My son Antonio recently expressed concern that all my work in the garden might be all for naught. That in the future, when we leave this place and new owners move in, they might take a bobcat to all my labours and reduce it back to nothing but mud in minutes.
We have all seen it, the work done by loved ones being undone when new owners come in, and in the case of my grandparent’s front garden, put back similar to how it was before sometime after that. Only the rare garden outlives its owners by decades or centuries.
Sometimes I wonder what a new owner might do, and my main concern is where he or she will erect their large shed, as all people these days seem to want huge sheds alongside their houses. The days of a small collection of sheds down the back of the garden have passed. So I’m hoping future owners wil put one where the caravan and vegie patch are, and leave the rest of the garden in tact.
I have had other discouraging moments when I’ve planted trees thinking, ‘what’s the point, I’m going to be dead before they reach maturity,” but the years are going to pass whether or not I plant trees, so I might as well plant them.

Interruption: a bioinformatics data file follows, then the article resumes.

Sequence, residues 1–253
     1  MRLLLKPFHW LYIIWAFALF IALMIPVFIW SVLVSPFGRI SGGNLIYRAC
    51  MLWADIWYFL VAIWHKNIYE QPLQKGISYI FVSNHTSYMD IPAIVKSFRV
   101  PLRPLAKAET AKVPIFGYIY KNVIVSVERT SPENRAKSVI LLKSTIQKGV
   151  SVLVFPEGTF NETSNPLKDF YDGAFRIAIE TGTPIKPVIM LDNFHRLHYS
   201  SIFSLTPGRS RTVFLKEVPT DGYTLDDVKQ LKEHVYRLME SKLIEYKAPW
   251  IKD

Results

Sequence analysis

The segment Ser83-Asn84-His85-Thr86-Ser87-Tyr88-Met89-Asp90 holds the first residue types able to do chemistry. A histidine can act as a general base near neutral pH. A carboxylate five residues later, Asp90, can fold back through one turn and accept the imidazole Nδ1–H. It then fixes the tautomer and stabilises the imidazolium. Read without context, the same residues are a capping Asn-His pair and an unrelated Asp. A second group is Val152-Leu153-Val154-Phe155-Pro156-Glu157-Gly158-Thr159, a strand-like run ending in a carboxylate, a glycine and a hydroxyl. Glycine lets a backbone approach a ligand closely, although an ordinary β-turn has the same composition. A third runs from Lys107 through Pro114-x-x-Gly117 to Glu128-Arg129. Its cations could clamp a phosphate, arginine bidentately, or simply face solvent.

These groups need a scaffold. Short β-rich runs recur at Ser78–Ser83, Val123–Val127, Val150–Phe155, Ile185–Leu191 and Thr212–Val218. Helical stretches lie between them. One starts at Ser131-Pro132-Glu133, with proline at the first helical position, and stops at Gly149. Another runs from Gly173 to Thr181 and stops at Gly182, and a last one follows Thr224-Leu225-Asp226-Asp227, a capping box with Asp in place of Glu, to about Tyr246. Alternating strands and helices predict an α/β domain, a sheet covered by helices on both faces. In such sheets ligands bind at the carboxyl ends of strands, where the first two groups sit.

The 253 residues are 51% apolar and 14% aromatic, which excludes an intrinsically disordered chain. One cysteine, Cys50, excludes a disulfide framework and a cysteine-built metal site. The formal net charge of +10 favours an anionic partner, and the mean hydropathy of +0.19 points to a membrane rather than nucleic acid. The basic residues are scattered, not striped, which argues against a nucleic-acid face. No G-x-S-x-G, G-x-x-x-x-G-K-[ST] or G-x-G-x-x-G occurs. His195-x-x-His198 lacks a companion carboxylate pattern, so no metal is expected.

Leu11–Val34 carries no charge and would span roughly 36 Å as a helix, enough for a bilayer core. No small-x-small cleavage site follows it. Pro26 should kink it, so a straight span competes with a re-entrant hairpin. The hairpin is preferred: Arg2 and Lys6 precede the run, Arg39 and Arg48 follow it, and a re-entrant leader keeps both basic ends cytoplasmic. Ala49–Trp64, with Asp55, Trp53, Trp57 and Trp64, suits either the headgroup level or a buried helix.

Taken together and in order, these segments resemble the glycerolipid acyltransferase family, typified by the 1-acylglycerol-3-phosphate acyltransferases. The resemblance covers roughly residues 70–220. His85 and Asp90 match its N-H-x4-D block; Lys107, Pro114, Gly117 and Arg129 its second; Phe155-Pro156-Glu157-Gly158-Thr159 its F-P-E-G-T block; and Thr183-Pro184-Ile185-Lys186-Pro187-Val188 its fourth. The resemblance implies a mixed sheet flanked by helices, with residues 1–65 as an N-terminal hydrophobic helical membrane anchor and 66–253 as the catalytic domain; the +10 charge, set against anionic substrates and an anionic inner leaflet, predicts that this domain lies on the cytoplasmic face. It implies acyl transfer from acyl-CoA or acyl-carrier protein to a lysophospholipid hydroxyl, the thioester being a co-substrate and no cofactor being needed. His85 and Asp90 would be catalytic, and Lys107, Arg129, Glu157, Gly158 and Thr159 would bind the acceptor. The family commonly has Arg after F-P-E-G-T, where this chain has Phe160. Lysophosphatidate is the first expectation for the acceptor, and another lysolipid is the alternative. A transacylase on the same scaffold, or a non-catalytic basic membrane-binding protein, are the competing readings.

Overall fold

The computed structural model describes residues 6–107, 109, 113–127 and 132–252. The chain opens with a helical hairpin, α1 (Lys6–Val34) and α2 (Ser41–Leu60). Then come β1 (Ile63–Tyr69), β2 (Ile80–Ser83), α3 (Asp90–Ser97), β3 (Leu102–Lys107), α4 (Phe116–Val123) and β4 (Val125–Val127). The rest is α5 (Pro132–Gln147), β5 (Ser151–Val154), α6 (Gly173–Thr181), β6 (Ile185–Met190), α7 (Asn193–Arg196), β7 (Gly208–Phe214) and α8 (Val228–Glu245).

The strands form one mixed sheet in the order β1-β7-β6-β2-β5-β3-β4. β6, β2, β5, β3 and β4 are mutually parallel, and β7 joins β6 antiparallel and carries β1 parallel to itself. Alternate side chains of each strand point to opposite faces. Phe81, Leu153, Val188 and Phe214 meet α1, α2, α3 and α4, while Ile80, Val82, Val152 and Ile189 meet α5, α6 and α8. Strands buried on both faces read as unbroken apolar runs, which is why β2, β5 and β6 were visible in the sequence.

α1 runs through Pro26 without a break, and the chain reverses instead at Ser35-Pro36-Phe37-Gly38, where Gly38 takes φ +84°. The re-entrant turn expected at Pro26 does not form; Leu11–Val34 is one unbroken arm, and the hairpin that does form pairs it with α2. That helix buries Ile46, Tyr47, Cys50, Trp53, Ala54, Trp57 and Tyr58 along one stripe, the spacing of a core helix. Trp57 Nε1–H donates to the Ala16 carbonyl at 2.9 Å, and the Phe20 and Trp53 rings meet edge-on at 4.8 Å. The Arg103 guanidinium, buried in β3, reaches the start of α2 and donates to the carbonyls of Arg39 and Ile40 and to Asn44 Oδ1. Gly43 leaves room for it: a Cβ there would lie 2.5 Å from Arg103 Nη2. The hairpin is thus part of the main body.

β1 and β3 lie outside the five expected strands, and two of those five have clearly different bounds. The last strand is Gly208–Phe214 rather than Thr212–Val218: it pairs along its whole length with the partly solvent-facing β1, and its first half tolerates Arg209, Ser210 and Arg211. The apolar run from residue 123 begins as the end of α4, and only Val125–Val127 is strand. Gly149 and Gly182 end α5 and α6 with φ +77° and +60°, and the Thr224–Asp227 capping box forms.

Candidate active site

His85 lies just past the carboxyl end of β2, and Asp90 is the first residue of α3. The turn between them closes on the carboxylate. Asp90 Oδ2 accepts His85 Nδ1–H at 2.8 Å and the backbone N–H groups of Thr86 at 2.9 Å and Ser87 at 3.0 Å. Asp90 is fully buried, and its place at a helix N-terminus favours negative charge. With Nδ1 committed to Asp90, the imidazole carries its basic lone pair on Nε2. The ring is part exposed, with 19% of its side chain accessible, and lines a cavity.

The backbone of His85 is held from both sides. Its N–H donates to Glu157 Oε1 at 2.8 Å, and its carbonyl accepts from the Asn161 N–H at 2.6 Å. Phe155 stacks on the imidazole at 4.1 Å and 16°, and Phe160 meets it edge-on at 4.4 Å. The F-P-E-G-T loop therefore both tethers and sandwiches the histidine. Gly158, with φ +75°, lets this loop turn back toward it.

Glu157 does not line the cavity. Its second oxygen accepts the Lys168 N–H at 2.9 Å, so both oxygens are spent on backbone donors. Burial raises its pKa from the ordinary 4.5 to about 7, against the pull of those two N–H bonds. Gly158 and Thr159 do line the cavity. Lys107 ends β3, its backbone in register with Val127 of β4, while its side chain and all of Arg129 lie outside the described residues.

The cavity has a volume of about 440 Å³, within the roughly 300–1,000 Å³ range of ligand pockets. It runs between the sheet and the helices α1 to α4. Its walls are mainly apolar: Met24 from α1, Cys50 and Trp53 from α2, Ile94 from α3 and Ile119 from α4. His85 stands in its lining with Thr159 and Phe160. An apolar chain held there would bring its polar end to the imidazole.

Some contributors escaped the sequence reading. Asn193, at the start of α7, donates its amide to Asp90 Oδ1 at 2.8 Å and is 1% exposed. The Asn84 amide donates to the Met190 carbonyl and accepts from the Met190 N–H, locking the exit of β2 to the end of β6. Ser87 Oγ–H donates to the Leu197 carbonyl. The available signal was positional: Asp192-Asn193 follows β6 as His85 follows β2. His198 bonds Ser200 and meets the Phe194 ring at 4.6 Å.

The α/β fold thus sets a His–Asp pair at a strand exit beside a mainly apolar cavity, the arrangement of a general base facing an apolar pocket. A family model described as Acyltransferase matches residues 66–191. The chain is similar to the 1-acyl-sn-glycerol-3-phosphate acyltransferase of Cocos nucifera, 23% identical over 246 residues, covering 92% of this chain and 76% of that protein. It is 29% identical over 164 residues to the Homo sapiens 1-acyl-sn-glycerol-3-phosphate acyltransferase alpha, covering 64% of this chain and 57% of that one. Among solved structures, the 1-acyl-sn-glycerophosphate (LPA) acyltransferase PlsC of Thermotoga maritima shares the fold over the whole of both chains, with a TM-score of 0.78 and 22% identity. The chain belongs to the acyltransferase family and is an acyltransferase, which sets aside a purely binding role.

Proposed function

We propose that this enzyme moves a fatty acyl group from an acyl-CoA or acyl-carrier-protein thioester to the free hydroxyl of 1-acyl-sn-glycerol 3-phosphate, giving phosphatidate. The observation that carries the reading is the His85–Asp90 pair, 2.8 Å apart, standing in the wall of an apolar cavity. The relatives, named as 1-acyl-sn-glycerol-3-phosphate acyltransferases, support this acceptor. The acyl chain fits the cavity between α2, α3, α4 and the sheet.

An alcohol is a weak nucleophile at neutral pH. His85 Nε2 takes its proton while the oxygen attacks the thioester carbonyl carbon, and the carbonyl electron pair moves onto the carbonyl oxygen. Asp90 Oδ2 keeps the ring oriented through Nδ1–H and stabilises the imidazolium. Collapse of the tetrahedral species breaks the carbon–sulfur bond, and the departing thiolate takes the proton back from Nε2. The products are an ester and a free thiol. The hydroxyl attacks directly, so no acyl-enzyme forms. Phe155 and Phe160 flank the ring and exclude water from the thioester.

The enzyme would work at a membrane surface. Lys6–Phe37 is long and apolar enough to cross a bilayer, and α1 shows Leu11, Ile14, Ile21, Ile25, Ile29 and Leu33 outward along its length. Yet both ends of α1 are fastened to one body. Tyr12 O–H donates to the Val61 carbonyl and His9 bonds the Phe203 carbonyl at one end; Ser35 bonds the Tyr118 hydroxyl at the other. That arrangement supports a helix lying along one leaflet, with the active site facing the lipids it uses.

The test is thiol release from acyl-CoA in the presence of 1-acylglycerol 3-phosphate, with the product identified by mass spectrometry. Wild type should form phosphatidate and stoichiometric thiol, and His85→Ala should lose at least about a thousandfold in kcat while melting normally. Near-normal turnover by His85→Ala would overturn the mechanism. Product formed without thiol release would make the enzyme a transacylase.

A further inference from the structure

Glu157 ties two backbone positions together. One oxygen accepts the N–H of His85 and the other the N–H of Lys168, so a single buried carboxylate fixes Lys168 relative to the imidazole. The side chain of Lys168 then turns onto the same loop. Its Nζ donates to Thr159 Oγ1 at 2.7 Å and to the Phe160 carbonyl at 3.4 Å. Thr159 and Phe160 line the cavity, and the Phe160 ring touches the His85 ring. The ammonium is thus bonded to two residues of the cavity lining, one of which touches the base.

I can also ask Antonio a similar question, “are all those boss battles worth it?”, because to me they aren’t. I chuckle at him sometimes, because he considers Facebook games to be beneath him – a total waste of time, while he, discerning gamer that he is, is actually doing something worthy.
And then I’ll quote Beth Chatto at him and tell him that there is more enjoyment from the achieving, rather than the acheivement. Although without the achievements there is no further achieving anyway. One thing I love to do is look at photos of my garden this time last year, or however many years ago and look how far it’s come in that time. I love to watch plants suddenly take off after 3-5 years of putting down roots. I love seeing the proof that that particular year, I actually finished something!
We have gotten much joy from the improvements that have been made since I really got going early 2011, from the pond, the big slide, watching the cats run along the stone walls, the lovely shade of the carport and verandah, the feeling of safety the came from putting up walls and putting pavers and grey shale over what was once mud. Although even though we no longer step out into mud when it rains here, we still manage to find plenty of mud to step in!
And then there was the comment made by a great lady named Coral I met through the Port Augusta Garden Club; she felt that you would never have a nervous breakdown if you had a garden.